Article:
Eventide Blackhole review

Eventide’s celebrated reverb algorithm gets a dedicated pedal

Eventide Blackhole
(Image: © Future / Olly Curtis)

Guitar World Verdict

We have long recognised Eventide's Blackhole algorithm as being more than capable of such inter-dimensional ambience and experimental textures, and to have it in an intuitive standalone pedal format is a real gift from the universe.


  • +

    Great range of unusual ambient sounds.

  • +

    Easy hands-on operation.

  • +

    Software editing.

  • +

    Expression pedal control.

  • +

    Latching or momentary switching


  • -

    Price could be lower compared with more versatile H9.

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First appearing in rackmount processors, Eventide’s Blackhole reverb algorithm has been around for some time. While it’s recently been available as a plug-in, it was also found in the Space pedal and is a popular fixture in the newer H9 unit. 

Now, though, we have a dedicated Blackhole pedal – a reverb stompbox that features just the one algorithm but with all of its parameters laid out for knob control on the front panel, instead of having to dive into menus. The Blackhole has various options for mono and stereo operation. The single input works with TRS as well as standard mono jacks, and you can set things for guitar or for line-level signals.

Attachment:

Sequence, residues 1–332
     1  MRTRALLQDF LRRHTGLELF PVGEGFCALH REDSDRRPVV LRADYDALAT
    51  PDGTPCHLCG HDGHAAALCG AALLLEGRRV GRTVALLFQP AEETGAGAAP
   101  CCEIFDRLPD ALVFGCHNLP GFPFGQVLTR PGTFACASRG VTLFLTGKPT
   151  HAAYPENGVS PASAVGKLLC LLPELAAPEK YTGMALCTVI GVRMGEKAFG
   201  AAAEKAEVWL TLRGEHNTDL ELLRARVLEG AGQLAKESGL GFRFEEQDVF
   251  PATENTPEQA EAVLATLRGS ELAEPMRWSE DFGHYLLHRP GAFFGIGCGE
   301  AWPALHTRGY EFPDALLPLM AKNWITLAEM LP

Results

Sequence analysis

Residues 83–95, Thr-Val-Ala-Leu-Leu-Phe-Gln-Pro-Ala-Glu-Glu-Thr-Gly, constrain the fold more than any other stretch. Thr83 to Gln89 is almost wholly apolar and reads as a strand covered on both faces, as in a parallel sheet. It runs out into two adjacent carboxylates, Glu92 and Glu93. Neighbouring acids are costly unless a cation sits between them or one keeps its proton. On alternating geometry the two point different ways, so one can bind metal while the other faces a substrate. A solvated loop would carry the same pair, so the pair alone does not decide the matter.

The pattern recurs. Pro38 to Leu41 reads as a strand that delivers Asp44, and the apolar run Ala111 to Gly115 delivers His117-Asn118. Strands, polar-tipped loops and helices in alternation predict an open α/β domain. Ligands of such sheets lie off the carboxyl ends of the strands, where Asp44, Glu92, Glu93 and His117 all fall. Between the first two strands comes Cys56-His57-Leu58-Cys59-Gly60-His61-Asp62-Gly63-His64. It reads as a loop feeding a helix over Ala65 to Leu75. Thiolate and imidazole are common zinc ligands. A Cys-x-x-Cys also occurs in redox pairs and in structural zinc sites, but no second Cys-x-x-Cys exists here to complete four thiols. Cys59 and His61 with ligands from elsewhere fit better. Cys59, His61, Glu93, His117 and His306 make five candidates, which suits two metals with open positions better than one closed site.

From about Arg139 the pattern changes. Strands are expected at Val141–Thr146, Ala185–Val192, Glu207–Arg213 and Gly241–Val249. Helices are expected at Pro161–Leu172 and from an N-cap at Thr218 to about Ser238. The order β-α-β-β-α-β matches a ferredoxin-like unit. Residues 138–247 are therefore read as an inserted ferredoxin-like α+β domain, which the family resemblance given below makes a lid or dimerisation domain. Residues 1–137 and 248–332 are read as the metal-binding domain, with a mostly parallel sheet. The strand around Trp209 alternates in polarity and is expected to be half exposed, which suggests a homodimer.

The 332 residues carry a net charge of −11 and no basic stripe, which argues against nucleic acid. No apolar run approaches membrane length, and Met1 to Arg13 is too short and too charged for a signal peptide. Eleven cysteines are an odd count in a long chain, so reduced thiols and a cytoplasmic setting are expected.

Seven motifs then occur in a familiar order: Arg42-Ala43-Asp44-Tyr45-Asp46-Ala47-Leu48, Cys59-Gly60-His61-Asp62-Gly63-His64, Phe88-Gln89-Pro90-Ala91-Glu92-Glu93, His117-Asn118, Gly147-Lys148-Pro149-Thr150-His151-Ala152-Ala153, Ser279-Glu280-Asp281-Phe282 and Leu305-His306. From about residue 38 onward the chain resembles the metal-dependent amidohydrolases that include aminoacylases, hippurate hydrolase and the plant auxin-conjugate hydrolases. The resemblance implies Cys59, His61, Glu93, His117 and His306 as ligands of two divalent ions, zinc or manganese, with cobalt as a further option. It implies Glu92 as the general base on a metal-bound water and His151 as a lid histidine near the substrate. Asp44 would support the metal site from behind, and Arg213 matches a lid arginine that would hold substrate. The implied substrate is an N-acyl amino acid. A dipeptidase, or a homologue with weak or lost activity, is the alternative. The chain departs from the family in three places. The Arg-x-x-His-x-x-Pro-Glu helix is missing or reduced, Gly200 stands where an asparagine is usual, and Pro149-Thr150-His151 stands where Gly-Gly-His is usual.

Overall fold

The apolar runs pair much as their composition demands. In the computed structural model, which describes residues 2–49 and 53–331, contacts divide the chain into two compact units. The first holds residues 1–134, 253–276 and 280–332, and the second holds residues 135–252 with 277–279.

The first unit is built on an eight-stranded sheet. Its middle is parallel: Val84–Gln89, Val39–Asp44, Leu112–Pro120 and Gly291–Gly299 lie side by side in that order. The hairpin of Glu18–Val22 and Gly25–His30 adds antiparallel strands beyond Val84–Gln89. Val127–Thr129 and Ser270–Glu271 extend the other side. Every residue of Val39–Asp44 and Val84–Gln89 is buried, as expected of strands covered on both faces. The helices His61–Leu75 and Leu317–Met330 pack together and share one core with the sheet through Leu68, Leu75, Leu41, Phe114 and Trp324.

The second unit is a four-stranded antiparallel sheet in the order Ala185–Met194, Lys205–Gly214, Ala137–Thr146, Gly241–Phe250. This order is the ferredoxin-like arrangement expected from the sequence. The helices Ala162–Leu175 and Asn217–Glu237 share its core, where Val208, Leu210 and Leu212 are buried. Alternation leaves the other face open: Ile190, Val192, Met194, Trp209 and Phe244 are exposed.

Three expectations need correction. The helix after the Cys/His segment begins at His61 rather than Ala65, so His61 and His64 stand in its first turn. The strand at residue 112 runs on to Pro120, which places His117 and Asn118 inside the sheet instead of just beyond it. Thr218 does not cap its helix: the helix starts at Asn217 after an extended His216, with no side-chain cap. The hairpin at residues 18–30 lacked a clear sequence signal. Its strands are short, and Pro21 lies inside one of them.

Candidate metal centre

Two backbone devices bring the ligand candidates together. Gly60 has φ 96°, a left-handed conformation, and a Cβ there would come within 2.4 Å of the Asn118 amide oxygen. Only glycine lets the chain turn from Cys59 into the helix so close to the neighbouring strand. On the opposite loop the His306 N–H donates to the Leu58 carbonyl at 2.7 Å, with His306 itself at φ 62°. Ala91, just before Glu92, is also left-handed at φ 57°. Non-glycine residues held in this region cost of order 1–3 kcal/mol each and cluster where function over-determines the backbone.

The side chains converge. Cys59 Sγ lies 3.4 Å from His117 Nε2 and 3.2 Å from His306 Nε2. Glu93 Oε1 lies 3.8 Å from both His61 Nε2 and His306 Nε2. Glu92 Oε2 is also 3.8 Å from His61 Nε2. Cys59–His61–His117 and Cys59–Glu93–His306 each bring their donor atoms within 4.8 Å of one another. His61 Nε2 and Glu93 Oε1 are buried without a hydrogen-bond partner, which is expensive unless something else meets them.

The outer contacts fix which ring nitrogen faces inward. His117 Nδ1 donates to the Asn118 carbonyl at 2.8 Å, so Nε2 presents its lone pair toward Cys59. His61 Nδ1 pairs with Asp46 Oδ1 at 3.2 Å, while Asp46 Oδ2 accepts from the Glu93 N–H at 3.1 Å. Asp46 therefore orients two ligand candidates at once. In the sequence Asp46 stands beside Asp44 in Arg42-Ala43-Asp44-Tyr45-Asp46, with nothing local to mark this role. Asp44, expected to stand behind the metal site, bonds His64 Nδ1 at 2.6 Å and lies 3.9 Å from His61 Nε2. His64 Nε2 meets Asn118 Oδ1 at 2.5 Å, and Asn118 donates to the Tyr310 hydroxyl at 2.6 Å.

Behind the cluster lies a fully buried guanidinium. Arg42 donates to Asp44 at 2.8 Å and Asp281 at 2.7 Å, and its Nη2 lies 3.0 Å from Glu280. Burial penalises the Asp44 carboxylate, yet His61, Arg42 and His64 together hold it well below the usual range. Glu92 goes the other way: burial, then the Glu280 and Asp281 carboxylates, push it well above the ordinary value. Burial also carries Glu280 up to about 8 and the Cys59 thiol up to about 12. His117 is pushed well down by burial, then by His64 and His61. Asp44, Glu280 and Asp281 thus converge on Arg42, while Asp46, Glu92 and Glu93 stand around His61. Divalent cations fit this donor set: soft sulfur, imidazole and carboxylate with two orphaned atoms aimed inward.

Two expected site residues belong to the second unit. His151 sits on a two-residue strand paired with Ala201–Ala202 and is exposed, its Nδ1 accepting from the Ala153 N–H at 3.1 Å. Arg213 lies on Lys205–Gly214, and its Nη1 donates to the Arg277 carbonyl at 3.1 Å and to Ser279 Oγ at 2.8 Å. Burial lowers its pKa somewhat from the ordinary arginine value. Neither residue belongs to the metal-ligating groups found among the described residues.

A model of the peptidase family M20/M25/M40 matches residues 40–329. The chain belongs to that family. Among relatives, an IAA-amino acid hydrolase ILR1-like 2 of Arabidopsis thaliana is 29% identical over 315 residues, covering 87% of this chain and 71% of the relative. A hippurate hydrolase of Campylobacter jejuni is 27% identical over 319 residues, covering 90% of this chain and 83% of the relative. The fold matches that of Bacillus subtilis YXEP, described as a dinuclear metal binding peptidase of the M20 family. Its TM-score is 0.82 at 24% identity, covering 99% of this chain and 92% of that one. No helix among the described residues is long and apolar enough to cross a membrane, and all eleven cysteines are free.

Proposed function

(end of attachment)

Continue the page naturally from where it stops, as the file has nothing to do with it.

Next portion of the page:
The pedal is capable of creating a range of reverb spaces with the Size knob, which will take you from a small room-like environment through to a massive cavernous void

There are five selectable onboard presets and you get access to 127 through MIDI or via the Eventide Device Manager (EDM) editing software on your computer. While the unit has six knobs, five of them (all except the dry/wet Mix knob) have secondary functions. 

Unlike some pedals, however, there’s no messing around to get to them: the secondary function is clearly listed in a more subdued lettering underneath the main parameter for each knob, and you access it by pressing a small button that immediately lights up red to let you know that it’s a secondary parameter that you’re editing.

Eventide Blackhole

(Image credit: Future / Olly Curtis)


The pedal is capable of creating a range of reverb spaces with the Size knob, which will take you from a small room-like environment through to a massive cavernous void.

The Decay character of the reverb tail can be adjusted by the Gravity knob, gradually increasing the duration and density of a conventional fading envelope to its right, and offering the same for a reverse decay to its left for a trippier vibe.

Besides these, you can add up to two seconds of pre-delay before the main body of the reverb kicks in, and there’s a Feedback knob, adding repeats to extend the effected sound further up to an Infinite mode where you can continuously layer new sounds on top of a suspended reverb.

A pair of Lo and Hi filters takes care of conventional tonal tasks such as reducing low-end murkiness or taming/enhancing the high-end, and there’s variable resonance for these so you can turn a simple treble boost into an edgy metallic sheen, for example.